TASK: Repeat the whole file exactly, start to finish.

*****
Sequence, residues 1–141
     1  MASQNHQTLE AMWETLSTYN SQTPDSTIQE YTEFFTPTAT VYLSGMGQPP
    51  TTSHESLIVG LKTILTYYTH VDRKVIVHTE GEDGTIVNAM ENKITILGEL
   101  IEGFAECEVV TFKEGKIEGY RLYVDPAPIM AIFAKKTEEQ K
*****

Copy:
Sequence, residues 1–141
     1  MASQNHQTLE AMWETLSTYN SQTPDSTIQE YTEFFTPTAT VYLSGMGQPP
    51  TTSHESLIVG LKTILTYYTH VDRKVIVHTE GEDGTIVNAM ENKITILGEL
   101  IEGFAECEVV TFKEGKIEGY RLYVDPAPIM AIFAKKTEEQ K